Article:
To sum this all up, a thoughtful program combining aerobic and strength development should:

  • Allow 8 hours of relief between endurance training and strength training when possible
  • Be periodized based on the athlete’s sport and exercise history
  • Prioritize low intensity aerobic base development
  • Include planning to avoid the combination of high intensity lower body aerobic work on the same day as high speed/power lower body work in the weight room


Before we see what a weekly prescription might look like for an athlete, here’s a reminder from Part 2 of this article of a 20-year-old who completed an aerobic assessment to determine his zones:

Aerobic threshold (2 mmol/L): 130 bpm heart rate

Anaerobic threshold (4 mmol/L): 150 bpm heart rate

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As mentioned earlier, if we’re dealing with a beginner athlete, they will respond to a very general approach to strength training across the board.  They’re going to see improvements in hypertrophy, motor unit recruitment, power, etc., almost regardless of what the strength program looks like.  So we’ll keep it very simple- do a full body strength routine hitting all major muscle groups, 3 times per week.  Follow the strength routine up with 30-45 minutes of high zone 1 cardio, meaning their average heart rate should be right around 125-130 bpm.  On Tuesday, Thursday, and Saturday we’re stretching out those aerobic efforts a bit more.  Lower intensity but more minutes, driving as many physiologic adaptations as we can to build aerobic base.  Sunday can be any mixture of mobility work or lower intensity cardio which serves more as a recovery tool than anything driving serious adaptation.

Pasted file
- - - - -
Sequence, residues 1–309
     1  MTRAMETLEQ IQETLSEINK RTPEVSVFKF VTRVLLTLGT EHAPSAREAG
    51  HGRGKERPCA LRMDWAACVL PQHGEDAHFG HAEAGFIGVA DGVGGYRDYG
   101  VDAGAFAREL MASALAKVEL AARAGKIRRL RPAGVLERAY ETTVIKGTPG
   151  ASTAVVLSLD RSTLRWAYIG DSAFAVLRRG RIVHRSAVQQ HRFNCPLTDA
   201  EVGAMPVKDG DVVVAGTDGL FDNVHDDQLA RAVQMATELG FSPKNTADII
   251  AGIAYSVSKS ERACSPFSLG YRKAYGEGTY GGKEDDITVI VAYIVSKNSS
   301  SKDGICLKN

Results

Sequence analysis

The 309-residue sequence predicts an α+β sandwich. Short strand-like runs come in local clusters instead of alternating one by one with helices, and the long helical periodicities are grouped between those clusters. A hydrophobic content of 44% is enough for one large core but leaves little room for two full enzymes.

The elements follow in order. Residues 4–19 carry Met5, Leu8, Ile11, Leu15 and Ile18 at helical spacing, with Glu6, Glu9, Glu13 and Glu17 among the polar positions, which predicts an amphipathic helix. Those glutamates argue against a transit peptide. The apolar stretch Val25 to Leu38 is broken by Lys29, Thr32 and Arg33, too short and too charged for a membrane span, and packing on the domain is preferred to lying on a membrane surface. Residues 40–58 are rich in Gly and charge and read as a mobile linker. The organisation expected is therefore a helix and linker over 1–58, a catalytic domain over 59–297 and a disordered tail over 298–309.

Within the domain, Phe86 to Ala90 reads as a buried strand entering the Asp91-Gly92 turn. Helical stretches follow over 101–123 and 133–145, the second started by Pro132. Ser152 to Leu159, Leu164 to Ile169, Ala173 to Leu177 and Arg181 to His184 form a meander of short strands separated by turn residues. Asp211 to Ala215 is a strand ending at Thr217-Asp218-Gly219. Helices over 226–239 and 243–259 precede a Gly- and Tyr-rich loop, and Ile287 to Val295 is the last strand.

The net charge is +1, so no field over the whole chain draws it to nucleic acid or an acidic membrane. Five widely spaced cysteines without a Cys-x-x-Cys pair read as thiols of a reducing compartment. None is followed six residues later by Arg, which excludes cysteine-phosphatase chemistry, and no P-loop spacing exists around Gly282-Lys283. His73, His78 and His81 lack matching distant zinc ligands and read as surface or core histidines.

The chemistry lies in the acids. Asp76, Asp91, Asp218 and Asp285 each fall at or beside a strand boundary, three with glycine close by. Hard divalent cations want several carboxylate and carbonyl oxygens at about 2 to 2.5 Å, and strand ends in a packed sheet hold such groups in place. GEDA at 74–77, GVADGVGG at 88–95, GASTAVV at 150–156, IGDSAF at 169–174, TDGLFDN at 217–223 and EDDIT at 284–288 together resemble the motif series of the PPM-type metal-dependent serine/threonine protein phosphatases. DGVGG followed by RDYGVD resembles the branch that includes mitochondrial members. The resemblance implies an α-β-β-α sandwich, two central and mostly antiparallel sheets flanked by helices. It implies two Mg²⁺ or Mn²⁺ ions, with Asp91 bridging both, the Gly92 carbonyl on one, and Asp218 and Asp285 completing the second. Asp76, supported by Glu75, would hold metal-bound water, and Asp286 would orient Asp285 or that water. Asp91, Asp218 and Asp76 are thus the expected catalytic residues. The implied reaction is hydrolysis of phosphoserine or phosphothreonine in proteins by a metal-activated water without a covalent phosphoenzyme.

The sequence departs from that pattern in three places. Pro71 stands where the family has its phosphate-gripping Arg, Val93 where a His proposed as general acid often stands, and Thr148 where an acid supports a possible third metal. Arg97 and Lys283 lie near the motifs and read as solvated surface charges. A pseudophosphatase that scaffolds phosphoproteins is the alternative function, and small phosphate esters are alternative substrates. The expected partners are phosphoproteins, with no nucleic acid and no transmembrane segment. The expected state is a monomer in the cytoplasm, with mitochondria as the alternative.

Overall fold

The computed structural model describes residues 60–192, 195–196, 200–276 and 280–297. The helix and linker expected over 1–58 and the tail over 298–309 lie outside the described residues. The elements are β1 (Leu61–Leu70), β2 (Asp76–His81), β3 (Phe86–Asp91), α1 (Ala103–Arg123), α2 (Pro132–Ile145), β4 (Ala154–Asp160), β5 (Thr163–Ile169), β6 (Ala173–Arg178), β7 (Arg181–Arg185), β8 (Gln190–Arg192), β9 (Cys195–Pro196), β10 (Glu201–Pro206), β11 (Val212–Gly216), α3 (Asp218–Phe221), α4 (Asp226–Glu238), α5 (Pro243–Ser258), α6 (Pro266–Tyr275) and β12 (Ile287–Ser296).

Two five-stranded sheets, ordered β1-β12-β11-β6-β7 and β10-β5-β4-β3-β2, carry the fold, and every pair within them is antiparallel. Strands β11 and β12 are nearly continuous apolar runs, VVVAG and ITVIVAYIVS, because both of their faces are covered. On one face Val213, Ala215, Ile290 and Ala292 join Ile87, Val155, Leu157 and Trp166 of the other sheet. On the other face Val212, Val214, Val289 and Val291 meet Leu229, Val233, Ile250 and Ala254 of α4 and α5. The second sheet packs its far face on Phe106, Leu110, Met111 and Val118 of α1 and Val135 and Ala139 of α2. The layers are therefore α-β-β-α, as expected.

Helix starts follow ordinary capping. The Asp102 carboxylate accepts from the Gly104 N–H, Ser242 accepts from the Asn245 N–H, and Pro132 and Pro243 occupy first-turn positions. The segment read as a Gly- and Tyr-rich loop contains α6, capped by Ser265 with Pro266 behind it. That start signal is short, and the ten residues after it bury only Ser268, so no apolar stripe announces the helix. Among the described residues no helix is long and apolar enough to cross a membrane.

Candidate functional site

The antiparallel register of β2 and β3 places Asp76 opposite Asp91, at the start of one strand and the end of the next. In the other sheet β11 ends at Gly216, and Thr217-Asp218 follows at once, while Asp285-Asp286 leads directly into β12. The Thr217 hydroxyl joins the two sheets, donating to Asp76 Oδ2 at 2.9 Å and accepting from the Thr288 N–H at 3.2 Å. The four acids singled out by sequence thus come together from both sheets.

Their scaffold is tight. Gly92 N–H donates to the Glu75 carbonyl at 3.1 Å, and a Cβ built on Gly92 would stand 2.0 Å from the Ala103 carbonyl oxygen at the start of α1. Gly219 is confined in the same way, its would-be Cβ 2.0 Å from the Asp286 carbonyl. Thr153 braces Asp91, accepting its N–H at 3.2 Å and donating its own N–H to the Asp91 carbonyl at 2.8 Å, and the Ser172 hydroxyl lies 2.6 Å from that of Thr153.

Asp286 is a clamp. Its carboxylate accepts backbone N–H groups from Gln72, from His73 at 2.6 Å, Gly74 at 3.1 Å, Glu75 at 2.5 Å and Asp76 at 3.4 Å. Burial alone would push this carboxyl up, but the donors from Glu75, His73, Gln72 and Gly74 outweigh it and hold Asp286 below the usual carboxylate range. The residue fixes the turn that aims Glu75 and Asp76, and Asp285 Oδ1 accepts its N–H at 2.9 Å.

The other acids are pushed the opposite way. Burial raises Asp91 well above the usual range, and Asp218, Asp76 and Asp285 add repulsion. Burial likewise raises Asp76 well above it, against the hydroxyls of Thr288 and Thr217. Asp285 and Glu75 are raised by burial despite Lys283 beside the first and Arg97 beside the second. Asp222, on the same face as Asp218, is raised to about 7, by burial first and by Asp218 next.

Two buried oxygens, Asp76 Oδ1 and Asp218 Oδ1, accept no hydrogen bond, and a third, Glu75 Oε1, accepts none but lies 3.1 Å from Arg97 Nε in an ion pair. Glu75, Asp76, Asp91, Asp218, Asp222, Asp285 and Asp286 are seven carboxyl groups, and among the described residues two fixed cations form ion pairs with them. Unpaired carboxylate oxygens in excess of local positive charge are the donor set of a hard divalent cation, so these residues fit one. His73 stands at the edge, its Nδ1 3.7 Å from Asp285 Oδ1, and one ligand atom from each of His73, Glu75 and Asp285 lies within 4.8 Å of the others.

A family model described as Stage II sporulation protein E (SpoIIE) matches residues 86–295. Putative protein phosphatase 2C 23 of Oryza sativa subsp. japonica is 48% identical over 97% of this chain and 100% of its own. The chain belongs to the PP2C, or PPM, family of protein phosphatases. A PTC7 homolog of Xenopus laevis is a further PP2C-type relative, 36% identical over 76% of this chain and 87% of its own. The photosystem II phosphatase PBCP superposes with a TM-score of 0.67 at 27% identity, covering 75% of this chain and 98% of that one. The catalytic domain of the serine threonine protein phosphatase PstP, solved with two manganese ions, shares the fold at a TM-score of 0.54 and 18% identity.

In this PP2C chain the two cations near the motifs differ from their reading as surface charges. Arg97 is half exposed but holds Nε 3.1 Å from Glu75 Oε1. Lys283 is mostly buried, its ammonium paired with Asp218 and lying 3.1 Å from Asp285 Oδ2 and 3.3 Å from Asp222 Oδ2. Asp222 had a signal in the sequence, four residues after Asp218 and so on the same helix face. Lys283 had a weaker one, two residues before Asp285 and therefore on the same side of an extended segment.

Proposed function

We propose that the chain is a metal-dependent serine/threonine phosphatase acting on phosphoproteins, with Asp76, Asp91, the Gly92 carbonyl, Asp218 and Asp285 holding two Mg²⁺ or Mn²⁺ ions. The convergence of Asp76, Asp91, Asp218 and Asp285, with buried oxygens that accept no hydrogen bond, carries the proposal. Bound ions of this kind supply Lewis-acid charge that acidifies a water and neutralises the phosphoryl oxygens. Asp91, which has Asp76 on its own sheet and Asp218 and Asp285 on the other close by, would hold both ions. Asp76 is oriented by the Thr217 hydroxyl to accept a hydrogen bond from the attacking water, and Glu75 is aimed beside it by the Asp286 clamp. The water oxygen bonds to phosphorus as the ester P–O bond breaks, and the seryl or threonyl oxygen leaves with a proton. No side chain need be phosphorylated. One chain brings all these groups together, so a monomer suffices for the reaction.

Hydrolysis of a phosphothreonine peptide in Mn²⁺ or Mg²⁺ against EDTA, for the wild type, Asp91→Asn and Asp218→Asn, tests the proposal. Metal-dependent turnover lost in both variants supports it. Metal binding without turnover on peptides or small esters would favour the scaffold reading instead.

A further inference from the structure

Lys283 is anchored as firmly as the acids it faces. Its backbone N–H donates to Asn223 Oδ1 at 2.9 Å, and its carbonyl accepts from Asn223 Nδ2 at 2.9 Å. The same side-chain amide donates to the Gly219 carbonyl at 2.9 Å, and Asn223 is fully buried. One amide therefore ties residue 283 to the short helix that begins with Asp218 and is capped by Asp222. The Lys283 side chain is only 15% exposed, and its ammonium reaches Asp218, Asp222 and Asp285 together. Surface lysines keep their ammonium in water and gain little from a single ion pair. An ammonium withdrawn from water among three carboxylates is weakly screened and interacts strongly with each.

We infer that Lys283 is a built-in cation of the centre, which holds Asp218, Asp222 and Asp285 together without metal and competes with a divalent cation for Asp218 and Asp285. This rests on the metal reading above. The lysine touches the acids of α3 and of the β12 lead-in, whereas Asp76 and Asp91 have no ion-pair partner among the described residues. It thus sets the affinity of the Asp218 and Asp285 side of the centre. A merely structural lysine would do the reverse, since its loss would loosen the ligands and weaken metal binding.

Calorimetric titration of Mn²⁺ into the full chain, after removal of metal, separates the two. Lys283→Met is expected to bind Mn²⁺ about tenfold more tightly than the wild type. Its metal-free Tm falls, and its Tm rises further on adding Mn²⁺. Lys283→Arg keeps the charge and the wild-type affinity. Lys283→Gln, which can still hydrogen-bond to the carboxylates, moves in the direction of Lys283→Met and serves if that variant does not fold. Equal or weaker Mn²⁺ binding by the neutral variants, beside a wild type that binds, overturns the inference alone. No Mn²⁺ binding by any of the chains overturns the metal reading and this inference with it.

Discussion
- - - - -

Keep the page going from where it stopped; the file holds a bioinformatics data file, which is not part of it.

This basic template will work extremely well for beginner athletes.  If an athlete has less than one year of training experience, I am hugely in favor of keeping things as simple as possible.  Periodization doesn’t matter.  Get them strong with good technique, get them mobile, and get them aerobically fit.  The benefits to the strength coach here are that you don’t need to waste precious weight room time dedicated to cardiovascular training.  You get to spend the entire hour, or however long you have with the athlete, dedicated to coaching them up on strength training.  Then each athlete is required to track their cardio on their own and submit it to the coach each night or each week, however you like to keep your athletes accountable.  We use a chest strap heart rate monitor and either Garmin or Apple tracking software.  It’s quite simple, easy to send data, and gives you all the information you need.  If you have a good relationship with the athletic coach of the athletes you’re working with, this helps them out as well.  They get to spend more time on skill-specific drills and don’t need to worry about adding extra conditioning at the end of practice.